Russia has sufficient recoverable oil reserves to last for 28 years, Minister for Natural Resources and Environment Sergei Donskoi said in a March 17 interview with the official government daily Rossiiskaya Gazeta.
Potentially recoverable oil reserves amount to about 29bn tonnes, according to the minister. To compare, Russia's crude oil production in 2015 amounted to about 505mn tonnes. While at face value the reserves are sufficient for 57 years, only 14bn tonnes is extractable at current prices, Donskoi said.
As Russia recalibrates its development strategies amid a slump in oil prices, the long-term potential of hydrocarbon extraction is also being revised.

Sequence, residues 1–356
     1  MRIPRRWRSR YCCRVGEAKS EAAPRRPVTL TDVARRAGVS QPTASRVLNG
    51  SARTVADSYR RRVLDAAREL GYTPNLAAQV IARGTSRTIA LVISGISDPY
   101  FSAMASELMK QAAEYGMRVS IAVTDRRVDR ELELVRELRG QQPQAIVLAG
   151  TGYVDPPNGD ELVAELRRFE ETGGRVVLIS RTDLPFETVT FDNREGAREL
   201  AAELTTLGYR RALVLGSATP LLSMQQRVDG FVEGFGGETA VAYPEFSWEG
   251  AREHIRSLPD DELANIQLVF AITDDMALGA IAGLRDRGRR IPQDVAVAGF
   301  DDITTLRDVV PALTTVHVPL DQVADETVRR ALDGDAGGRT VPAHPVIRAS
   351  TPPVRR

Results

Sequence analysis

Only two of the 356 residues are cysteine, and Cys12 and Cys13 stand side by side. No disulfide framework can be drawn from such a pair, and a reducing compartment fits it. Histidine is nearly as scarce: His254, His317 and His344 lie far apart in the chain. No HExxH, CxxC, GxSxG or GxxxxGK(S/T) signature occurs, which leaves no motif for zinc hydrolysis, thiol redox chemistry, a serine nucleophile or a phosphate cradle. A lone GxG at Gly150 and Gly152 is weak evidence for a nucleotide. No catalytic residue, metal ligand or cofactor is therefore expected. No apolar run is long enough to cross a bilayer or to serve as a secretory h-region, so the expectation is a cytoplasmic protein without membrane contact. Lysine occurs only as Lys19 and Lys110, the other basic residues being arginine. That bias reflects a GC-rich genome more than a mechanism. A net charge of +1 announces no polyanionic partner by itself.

The Ministry of Energy this year drafted a long-term oil sector strategy with four development scenarios, none of which assumes oil output growth, but forecasting 1.2% extraction decline through 2035 at best and a 46% drop in the worst-case scenario, Vedomosti daily reported on March 9.
Potential regulatory changes pose a greater risk to the ratings of Russian oil companies than low oil prices, Standard & Poor's warned in mid-February.
Proposals under discussion include possibile lowering of extraction tax exemptions that oil firms currently enjoy, or increasing excise duties on oil products.
"In our view, rating pressure could increase, depending on the extent to which the Russian government may make changes to current oil industry regulation," said S&P credit analyst Alexander Griaznov.
The agency's base-case scenario remains that the Russian government will "try to find a reasonable balance between its fiscal interests and the long-term success of the oil sector, which will remain key to the economy in the foreseeable future", Griaznov added.
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